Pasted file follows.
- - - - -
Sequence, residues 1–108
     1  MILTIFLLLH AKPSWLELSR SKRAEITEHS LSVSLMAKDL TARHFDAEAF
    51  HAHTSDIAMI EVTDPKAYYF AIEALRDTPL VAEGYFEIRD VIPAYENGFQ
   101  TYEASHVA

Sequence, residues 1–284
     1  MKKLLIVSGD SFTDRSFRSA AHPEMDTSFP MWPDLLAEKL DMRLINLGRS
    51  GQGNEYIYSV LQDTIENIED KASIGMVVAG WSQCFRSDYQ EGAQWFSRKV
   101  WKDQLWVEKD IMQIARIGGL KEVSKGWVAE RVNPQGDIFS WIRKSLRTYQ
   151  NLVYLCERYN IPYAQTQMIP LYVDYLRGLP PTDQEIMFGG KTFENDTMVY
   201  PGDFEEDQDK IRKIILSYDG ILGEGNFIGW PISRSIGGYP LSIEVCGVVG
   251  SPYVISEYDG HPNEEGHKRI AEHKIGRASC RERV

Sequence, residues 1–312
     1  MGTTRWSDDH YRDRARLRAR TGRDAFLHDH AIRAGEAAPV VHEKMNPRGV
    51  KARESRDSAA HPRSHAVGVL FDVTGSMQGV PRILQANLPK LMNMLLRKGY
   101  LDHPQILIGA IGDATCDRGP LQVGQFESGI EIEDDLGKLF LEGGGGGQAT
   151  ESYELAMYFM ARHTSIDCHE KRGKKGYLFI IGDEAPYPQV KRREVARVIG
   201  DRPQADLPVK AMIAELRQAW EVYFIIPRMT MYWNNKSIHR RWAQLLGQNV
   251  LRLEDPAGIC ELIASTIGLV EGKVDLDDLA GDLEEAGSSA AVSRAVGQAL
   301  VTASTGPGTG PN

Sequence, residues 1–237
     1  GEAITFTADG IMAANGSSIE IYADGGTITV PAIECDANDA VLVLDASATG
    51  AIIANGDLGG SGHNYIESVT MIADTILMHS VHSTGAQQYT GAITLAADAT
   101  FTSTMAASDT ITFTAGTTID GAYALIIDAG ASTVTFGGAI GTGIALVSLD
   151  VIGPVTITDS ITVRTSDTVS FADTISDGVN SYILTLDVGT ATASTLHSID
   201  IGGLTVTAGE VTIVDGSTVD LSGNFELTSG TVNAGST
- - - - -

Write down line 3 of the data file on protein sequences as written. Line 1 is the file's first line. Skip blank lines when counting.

    51  HAHTSDIAMI EVTDPKAYYF AIEALRDTPL VAEGYFEIRD VIPAYENGFQ